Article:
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Texas Students Are Still Fighting For Special Education

MICHEL MARTIN, HOST:

In 2004, the Texas Education Agency put a cap, an arbitrary one, on how many children with disabilities could receive special education. For more than a decade, tens of thousands of children were denied services while the state saved billions of dollars. Last year, the Department of Education declared the policy illegal. But in a new investigation with the Houston Chronicle, Laura Isensee with Houston Public Media finds that Texas students are still fighting for special ed.

LAURA ISENSEE, BYLINE: Last school year, Christina Acevedo saw that her daughter Carolinda was struggling in seventh grade. There was one red flag after another. She'd stay up late doing homework, but then did poorly on state exams. Going to class also filled Carolinda with anxiety.

CAROLINDA: A lot of times, when I'd to be stressed and I try to take a test, I would end up, like, flunking it.

ISENSEE: Her mental health got so bad, she had to be hospitalized.

CHRISTINA ACEVEDO: I knew that she needed help.

ISENSEE: Acevedo asked school administrators to evaluate Carolinda for special education, but staff at the Brazosport Independent School District determined she didn't qualify, saying she wasn't affected at school and still got good grades.

ACEVEDO: But I feel like my requests for help were kind of falling on deaf ears and being delayed. And I was just sort of getting the runaround when, really, my daughter just needed the support.

ISENSEE: The school district, which is about 60 miles south of Houston, declined to comment for this story. Acevedo says she asked for a second opinion, but the district stalled until an attorney got involved - Shiloh Carter.

SHILOH CARTER: We were hoping that school districts would start to take this seriously.

ISENSEE: She's an attorney with Disability Rights Texas and has worked on several cases like Carolinda's. For years, the Texas Education Agency had a target - only 8.5% of all students could receive special ed. Federal officials said that cap was illegal and ordered Texas to fix the crisis in 2018. But Carter says the effects remain.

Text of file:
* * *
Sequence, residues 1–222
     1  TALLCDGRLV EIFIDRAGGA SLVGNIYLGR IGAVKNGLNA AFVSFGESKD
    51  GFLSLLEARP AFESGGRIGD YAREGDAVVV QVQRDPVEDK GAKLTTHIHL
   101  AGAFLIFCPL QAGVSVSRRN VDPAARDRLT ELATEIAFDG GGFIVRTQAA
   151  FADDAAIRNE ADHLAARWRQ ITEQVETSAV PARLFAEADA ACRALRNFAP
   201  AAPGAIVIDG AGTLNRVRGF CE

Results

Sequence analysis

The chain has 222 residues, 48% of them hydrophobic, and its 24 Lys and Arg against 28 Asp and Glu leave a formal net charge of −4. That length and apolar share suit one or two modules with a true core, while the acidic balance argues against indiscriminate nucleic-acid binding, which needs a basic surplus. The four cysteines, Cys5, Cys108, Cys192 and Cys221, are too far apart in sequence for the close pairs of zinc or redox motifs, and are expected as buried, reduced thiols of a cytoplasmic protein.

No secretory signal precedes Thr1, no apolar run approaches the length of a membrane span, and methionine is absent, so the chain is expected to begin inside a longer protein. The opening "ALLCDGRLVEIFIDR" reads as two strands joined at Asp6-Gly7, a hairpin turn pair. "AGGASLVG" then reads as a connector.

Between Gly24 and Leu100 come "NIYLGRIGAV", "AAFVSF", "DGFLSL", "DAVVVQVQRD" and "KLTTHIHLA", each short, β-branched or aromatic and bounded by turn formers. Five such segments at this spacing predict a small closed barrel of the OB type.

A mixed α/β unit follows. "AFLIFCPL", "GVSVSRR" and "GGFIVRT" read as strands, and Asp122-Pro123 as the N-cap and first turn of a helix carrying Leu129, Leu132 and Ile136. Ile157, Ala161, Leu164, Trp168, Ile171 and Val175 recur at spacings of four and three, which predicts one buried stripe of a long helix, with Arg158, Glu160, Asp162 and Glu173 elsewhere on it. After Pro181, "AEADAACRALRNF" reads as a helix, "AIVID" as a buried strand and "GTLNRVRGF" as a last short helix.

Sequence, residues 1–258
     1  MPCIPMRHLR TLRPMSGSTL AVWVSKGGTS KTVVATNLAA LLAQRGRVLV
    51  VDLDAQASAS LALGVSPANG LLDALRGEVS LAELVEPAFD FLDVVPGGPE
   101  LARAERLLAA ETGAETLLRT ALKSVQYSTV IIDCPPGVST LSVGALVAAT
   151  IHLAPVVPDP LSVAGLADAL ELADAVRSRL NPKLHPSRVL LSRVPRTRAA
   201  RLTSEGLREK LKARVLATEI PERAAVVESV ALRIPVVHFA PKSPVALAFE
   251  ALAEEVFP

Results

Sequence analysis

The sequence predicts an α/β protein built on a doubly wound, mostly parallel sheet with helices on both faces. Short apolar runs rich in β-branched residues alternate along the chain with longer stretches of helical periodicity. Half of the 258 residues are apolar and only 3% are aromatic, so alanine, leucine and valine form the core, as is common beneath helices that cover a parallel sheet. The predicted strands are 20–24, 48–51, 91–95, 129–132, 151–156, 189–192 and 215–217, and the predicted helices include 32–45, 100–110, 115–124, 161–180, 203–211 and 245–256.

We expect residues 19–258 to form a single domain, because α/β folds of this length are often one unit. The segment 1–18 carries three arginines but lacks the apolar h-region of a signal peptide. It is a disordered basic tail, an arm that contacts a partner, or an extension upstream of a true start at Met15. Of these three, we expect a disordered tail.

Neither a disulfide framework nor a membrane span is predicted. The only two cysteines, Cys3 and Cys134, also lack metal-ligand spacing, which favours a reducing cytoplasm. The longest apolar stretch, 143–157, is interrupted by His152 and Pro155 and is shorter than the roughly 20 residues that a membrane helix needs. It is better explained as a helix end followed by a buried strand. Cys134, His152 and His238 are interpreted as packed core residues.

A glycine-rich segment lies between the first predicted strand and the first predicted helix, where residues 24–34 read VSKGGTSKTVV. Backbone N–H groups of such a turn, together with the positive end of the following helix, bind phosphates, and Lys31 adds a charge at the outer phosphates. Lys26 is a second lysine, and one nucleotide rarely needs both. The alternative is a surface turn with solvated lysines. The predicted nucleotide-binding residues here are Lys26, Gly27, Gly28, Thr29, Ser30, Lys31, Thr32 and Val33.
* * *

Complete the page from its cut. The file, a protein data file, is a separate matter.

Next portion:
CARTER: We're seeing the same old same old. You know, this is what school districts were doing before when the cap was in place, kind of trying to deny eligibility and talk parents out of wanting special education services.

ISENSEE: In the last three years, Texas has barely increased the portion of children who receive services. Less than 10% of students qualify, below the national average of 14.

CARTER: And I don't think TEA has taken a stance and put pressure on these districts to do that. And so you still have kids falling through the cracks everywhere.

ISENSEE: State administrators say they won't catch up until June 2020, but maintain they've made progress. Deputy Education Commissioner Matt Montano points to more special ed, evaluations more funding and more communication with districts.

MATT MONTANO: If you think about Texas as being a large battleship, I do believe we've turned it. I do believe we've turned it in the right direction, and we're getting the momentum going in the right direction.

ISENSEE: He thinks the feds will agree, but the Chronicle found Texas hasn't met all the goals it's promised the Feds, like extra support to students who were previously denied access or more resources for parents to navigate the system. Educators and state leaders agree on at least one thing that's slowing progress - there aren't enough critical school staff to keep up with the demand for special ed testing.

JENNIFER BYRNE: It's a ton of pressure. I'm constantly thinking about it at night in the shower.

ISENSEE: Jennifer Byrne is a special ed administrator with the Fort Bend School District.

BYRNE: What else can I do? What can I try to find? And every year we've tried something different.

ISENSEE: They've tried a signing bonus, a retention bonus. But Byrne says they still have vacant positions. Statewide, the number of evaluations has jumped 56% in recent years, and it's even higher in her district. Advocates say Texas education officials aren't doing enough to ease the workforce shortage. And they say special ed won't truly be fixed until state lawmakers update how Texas pays for services. Steven Aleman is with Disability Rights Texas.

STEVEN ALEMAN: We have sort of put our finger in the dike and stopped the leak, but whether the whole dam is going to collapse is a potential problem we're going to have to deal with.

ISENSEE: It all leaves parents like Christina Acevedo discouraged - so much that, this year, she gave up trying to get special ed for her daughter in her public school. Carolinda enrolled in an online program instead.

ACEVEDO: I can't drop Carolinda off at the school and trust that she's going to be OK. If she were to have symptoms of her condition, it's possible that she could be punished for that.

ISENSEE: A feeling shared by many special needs parents in Texas who still have little faith in the state. For NPR News, I'm Laura Isensee in Houston. Transcript provided by NPR, Copyright NPR.